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LANCASTER SCHOOL PARENT GROUP VOICES CONCERN OVER FIELD HOUSE

A new citizen organization in the Lancaster Central School District is worried that building Western New York's first school district-owned field house could saddle taxpayers with an added burden for years to come.

Although a field house "is not a bad idea" and offers benefits, the disadvantages outweigh the advantages, according to the Lancaster Parent Alliance. The group claims a membership of about 50 families in southern and eastern Lancaster where children were redistricted this year.

On Sept. 14, the School Board voted 5-2 to move toward construction of a 31,500-square-foot field house for an estimated $2.7 million in bond money approved by voters two years ago. The alternative was to build a 7,840-square-foot gymnasium addition for about the same cost, officials said.

School officials argue that a field house not only will meet district and community needs for many years, but that it offers a source of new revenue from outside groups using it.

On the other hand, for about the same money, a new gymnasium -- the third at the high school -- would be small as gyms go, and lack any seating, school officials point out.

However, not all school officials agree. School Board members William Janiga and Georgette Pelletterie voted against the field house project, citing uncertainty over construction and future operation, maintenance and equipment costs.

According to the alliance, there are "too many unanswered questions, too many variables" associated with initial and future costs of the field house. "As taxpayers of this town, we have not been assured by the board that this facility will not become a tax burden," the group declared.

The district estimates the tab for field-house equipment, operation and maintenance will run about $120,000 a year, compared with about $82,000 for the much smaller gym. Utility and insurance costs make the larger building more expensive.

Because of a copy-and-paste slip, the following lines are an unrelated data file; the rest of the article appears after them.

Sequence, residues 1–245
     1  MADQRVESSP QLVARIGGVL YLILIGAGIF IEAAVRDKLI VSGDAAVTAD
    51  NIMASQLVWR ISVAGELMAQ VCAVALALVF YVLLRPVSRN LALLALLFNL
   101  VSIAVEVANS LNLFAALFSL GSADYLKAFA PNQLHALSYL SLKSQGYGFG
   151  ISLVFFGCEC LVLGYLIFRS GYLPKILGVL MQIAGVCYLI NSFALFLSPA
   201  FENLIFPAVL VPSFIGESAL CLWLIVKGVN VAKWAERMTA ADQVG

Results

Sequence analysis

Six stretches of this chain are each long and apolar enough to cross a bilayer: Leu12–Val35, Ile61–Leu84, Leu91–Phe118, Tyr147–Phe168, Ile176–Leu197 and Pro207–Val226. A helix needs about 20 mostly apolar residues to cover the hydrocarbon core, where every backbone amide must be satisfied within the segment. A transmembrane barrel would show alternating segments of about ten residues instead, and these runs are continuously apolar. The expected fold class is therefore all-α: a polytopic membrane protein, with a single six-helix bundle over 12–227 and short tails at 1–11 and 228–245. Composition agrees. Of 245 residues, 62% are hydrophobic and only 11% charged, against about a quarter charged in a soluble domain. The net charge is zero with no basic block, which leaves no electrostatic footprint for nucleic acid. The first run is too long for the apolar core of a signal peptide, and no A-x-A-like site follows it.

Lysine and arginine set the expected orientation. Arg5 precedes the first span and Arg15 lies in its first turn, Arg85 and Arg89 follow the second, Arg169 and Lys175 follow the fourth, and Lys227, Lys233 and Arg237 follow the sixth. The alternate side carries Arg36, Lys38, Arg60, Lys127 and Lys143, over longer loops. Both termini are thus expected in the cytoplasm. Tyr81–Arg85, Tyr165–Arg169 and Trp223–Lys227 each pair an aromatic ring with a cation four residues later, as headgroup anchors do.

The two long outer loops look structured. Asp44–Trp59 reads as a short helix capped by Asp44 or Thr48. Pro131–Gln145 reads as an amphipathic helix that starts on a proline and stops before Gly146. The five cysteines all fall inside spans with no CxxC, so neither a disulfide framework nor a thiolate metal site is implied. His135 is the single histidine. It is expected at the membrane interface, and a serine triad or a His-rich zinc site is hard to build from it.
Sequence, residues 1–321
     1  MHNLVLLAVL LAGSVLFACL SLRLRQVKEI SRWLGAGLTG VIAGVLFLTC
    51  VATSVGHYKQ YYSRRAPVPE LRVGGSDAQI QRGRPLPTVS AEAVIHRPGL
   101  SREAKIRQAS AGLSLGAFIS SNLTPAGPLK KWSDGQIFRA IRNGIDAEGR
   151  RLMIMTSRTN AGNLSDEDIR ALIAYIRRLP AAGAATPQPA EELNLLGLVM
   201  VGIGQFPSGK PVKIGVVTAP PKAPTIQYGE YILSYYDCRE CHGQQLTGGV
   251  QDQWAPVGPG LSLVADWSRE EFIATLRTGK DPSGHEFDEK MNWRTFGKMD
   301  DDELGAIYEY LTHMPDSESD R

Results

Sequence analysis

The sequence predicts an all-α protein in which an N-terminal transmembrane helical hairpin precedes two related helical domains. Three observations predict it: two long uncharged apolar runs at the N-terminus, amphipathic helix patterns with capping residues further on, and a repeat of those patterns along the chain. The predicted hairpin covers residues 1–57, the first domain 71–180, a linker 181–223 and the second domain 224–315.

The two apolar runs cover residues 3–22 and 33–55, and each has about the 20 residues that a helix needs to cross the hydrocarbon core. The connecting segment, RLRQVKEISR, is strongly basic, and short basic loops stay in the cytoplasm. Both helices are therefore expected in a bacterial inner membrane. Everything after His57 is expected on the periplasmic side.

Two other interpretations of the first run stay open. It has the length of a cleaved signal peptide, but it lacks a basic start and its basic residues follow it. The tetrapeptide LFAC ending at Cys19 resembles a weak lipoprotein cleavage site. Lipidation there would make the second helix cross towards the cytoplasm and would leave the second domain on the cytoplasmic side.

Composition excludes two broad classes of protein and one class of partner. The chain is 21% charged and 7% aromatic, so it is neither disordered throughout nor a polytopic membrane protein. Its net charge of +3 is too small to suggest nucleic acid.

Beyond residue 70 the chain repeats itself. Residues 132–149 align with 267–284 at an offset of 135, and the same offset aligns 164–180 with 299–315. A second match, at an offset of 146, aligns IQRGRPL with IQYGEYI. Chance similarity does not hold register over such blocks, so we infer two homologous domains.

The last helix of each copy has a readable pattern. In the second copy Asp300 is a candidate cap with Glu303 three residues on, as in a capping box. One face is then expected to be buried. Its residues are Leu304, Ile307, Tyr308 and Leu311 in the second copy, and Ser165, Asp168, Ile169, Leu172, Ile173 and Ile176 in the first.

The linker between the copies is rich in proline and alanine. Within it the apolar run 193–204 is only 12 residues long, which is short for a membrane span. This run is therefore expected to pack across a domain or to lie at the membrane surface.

"For $40,000 more a year, we get a facility that's four times the size of the gym, plus the potential for earning back some of the expenditure. That's a no-brainer to me," School Superintendent Joseph L. Girardi said Thursday.

But the alliance said some taxpayers are confused about the 1996 bond vote. "The proposition stated that equipment and site work be included within the maximum costs for projects. As the field house project unfolds, we do not see this happening."

However, because the field house apparently will be built, the organization said it recommends:

Forming a partnership with the Town of Lancaster, which the group believes will be the second-most frequent user of the facility.

Lancaster Supervisor Robert H. Giza said the town could help save money on the project by using town equipment and manpower to put in a driveway and parking lot. However, the town would still have to bill the school district for the town's costs, he stressed.

An outright financial contribution by the town to the school district for the field house project would probably be illegal, Giza noted.

Establishing fees for the use of the field house to help recover the costs of operating it.

Remaining focused on important issues, such as the potential for school overcrowding in coming years. "Do not be tempted to direct all our resources and efforts toward a field house that will bring much attention to our district, yet add little educational value . . . in the overall picture. We implore the Board of Education to remember that Lancaster schools are in the business of education, first and foremost," the parent group said.

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